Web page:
The final chapters in this volume examine cellular responses to hypoxia and oxidative stress. Topics covered include the role of oxygen-sensitive ion channels in cellular response to hypoxia (Peers), the role of the transcription factors Nrf1 and Nrf2 in oxidative stress defense (Bloom et al.)and the response to reactive oxygen species by vascular tissues (Jin and Berk). Chakraborti et al. provide a fascinating view of the many ways that changing Ca2+ levels during oxidative stress signal responses in the cell. The diverse effects of oxidative stress on kinase cascades,transcriptional regulation and apoptosis are covered by Habelhah and Ronai. The volume concludes with an examination by Hermes-Lima et al. of antioxidant defense in a wide range of anoxia-tolerant vertebrates. By examining extreme cases of natural hypoxia this comparative study illustrates how tissues survive the increase in oxidative stress produced by ischemia and subsequent reperfusion.

A few negative aspects to this volume need mentioning. While the quality of writing of most of the chapters is excellent, a few suffer from confusing organization. Only a handful of the chapters attempt to integrate the two themes of protein adaptation and stress-transduction, giving this volume somewhat of a split personality. And as mentioned above, only a few chapters describe comparative research. This last point is not necessarily a negative,as the purpose of this volume appears to be an invitation to direct the comparative approach to topics primarily studied by non-comparative cell biologists.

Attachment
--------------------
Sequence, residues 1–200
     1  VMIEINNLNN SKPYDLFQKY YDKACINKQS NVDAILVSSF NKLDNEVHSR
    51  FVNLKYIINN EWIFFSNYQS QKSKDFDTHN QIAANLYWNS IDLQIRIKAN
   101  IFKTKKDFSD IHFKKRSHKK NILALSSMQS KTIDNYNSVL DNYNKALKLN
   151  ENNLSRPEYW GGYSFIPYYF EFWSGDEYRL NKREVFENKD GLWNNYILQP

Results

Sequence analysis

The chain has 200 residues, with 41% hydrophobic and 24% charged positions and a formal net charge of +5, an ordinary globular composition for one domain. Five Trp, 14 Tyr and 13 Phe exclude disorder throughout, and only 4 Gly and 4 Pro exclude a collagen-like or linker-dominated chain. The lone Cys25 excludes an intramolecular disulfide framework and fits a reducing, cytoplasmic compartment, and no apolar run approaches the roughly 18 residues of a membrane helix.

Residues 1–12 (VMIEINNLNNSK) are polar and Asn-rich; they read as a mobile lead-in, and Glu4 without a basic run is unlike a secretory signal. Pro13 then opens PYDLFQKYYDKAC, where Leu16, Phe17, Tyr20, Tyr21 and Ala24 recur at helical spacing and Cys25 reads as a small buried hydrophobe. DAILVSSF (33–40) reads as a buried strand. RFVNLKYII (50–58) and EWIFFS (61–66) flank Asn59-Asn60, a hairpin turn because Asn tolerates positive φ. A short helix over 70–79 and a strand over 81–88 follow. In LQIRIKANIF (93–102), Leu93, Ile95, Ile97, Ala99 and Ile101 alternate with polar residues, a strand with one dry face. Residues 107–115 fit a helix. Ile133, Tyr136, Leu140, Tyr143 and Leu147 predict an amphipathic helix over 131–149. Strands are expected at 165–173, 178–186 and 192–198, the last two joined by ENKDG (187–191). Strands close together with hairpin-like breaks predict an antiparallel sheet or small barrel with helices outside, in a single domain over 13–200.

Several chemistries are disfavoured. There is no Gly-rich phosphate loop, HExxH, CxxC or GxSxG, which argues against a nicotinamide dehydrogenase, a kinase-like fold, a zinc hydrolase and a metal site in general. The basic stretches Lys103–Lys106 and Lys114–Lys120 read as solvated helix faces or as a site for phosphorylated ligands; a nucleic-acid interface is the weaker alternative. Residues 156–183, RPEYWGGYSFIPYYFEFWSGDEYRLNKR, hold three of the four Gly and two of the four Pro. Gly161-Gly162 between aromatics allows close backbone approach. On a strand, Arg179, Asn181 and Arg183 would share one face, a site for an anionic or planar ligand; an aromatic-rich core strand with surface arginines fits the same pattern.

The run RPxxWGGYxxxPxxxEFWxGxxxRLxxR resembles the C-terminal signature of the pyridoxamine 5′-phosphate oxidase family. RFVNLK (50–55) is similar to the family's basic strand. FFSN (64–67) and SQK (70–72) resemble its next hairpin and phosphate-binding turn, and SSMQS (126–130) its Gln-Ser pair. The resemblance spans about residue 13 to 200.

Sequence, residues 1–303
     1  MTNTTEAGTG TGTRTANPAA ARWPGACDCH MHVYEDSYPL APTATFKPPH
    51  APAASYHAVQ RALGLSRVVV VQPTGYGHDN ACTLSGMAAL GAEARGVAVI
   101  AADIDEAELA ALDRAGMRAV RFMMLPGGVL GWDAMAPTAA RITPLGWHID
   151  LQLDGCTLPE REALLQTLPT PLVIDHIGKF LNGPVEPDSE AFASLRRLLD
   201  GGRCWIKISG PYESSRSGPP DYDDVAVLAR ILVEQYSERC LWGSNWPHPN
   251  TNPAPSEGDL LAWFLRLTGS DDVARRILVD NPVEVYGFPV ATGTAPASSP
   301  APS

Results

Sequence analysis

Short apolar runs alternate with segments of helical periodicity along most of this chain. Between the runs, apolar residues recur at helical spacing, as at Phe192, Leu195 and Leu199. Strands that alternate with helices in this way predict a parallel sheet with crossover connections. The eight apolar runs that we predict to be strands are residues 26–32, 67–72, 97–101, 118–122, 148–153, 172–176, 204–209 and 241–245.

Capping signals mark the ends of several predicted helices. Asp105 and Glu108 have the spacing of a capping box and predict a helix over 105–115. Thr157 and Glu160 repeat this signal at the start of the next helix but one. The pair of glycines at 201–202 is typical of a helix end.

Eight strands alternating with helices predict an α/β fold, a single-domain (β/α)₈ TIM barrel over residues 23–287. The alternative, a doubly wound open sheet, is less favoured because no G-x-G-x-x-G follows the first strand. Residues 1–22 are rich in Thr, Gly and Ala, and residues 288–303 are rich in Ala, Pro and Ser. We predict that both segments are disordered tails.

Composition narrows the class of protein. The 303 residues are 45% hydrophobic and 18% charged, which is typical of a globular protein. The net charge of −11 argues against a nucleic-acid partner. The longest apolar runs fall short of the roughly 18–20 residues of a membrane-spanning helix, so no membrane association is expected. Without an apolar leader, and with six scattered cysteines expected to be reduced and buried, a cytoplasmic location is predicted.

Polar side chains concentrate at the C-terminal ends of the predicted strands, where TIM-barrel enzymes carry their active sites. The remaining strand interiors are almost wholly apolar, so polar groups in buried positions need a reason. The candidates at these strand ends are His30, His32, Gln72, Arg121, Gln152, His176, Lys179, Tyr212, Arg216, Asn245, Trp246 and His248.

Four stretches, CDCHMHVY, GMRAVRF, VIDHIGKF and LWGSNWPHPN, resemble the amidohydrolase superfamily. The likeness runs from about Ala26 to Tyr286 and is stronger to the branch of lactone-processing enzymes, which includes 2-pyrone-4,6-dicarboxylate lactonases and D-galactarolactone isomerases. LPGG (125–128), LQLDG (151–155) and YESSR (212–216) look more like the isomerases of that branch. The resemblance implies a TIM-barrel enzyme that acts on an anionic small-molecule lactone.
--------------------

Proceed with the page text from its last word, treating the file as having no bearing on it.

I would strongly recommend this book to anyone interested in a current description of the molecular mechanisms that allow cells to react to stress. The chapters on kinase systems and their involvement in transduction pathways are important reading for any comparative biologist interested in stress. Any thorough analysis of stress response will need to integrate this new wealth of molecular information. Furthermore, the descriptions of how cells sense and respond to diverse stresses can provide valuable insights to anyone thinking about stress response. At the same time, the few chapters that use comparative approaches underscore the valuable contributions to be made by examining a diversity of naturally evolved stress transduction systems.